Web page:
brought it to his side it had turned off to the left! In ten minutes it would pass abreast of him a mile and a half away! If he woke Susy now, he knew she would be helpless in her terror, and he could not carry her half that distance. He might rush to the train himself and return with help, but he would never leave her alone—in the darkness. Never! If she woke she would die of fright, perhaps, or wander blindly and aimlessly away. No! The train would pass and with it that hope of rescue. Something was in his throat, but he gulped it down and was quiet again albeit he shivered in the night wind. The train was nearly abreast of him now. He ran out of the tall grass, waving his straw hat above his head in the faint hope of attracting attention. But he did not go far, for he found to his alarm that when he turned back again the clump of mesquite was scarcely distinguishable from the rest of the plain. This settled all question of his going. Even if he reached the train and returned with some one, how would he ever find her again in this desolate expanse? He watched the train slowly pass—still mechanically, almost hopelessly, waving his hat as he ran up and down before the mesquite, as if he were waving a last farewell to his departing hope. Suddenly it appeared to him that three of the outriders who were preceding the first wagon had changed their shape. They were no longer sharp, oblong, black blocks against the horizon but had become at first blurred and indistinct, then taller and narrower, until at last they stood out like exclamation points against the sky. He continued to wave his hat, they continued to grow taller and narrower. He understood it now—the three transformed blocks were the outriders coming towards him. This is what he had seen— [Drawing of three black blocks] This is what he saw now—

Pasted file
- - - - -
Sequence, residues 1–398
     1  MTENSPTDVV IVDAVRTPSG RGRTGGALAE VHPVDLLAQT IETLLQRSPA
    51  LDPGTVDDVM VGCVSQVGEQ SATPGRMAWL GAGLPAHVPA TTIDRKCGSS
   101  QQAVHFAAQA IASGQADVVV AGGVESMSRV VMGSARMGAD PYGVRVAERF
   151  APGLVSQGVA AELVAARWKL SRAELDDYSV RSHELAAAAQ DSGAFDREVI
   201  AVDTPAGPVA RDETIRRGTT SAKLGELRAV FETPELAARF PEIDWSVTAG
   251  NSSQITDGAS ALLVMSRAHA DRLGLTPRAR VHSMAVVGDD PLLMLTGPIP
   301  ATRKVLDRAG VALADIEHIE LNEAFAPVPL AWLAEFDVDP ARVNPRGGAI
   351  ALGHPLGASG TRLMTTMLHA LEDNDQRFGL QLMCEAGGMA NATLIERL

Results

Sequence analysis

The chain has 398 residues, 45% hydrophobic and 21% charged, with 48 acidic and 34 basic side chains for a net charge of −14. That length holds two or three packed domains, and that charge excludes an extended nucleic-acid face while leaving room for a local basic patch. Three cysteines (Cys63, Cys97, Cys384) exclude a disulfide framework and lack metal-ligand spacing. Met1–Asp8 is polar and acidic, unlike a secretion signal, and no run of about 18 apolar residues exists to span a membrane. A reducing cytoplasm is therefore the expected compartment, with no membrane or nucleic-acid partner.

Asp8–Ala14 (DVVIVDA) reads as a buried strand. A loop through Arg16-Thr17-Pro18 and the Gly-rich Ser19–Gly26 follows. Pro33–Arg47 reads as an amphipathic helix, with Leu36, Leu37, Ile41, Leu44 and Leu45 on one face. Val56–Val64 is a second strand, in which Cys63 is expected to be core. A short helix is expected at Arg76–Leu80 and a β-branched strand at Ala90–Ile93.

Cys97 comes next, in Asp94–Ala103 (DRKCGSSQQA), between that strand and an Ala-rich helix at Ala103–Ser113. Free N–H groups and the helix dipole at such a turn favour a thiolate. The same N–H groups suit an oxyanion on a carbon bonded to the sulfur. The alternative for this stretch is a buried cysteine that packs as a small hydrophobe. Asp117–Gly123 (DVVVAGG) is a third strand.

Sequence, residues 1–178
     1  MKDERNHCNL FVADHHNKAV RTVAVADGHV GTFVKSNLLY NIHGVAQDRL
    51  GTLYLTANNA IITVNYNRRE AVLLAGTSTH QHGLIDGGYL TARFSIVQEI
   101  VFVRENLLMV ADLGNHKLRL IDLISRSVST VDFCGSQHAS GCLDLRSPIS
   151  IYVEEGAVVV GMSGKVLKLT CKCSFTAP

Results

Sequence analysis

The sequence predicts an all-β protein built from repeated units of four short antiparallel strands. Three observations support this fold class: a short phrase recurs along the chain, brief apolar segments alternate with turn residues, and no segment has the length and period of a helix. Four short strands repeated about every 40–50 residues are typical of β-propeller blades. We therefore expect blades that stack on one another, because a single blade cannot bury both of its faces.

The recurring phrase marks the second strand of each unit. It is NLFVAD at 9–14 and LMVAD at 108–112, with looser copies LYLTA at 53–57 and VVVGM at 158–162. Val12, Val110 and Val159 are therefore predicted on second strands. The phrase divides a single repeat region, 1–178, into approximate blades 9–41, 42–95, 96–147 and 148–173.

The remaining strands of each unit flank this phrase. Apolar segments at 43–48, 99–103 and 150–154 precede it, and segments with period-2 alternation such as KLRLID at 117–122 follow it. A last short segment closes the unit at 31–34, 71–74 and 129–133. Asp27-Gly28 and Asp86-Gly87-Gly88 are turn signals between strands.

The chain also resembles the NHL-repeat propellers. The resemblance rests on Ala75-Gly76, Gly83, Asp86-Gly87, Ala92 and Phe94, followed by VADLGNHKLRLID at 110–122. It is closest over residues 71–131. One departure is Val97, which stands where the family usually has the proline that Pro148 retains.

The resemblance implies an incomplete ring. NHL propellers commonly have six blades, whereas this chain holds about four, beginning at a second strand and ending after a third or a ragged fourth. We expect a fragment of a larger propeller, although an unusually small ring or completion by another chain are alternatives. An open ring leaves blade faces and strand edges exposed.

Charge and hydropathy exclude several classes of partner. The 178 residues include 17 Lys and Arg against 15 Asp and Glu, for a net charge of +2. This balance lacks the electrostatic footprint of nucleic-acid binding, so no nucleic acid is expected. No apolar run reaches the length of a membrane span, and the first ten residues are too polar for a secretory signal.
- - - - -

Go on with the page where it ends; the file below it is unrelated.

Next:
! ! !
He ran back to Susy to see if she still slept, for his foolish desire to have her saved unconsciously was stronger than ever now that safety seemed so near. She was still sleeping, although she had moved slightly. He ran to the front again. The outriders had apparently halted. What were they doing? Why wouldn't they come on? Suddenly a blinding flash of light seemed to burst from one of them. Away over his head something whistled like a rushing bird, and sped off invisible. They had fired a gun; they were signaling to him—Clarence—like a grown-up man. He would have given his life at that moment to have had a gun. But he could only wave his hat frantically. One of the figures here bore away and impetuously darted forward again. He was coming nearer, powerful, gigantic, formidable, as he loomed through the darkness. All at once he threw up his arm with a wild gesture to the others; and his voice, manly, frank, and assuring, came ringing before him.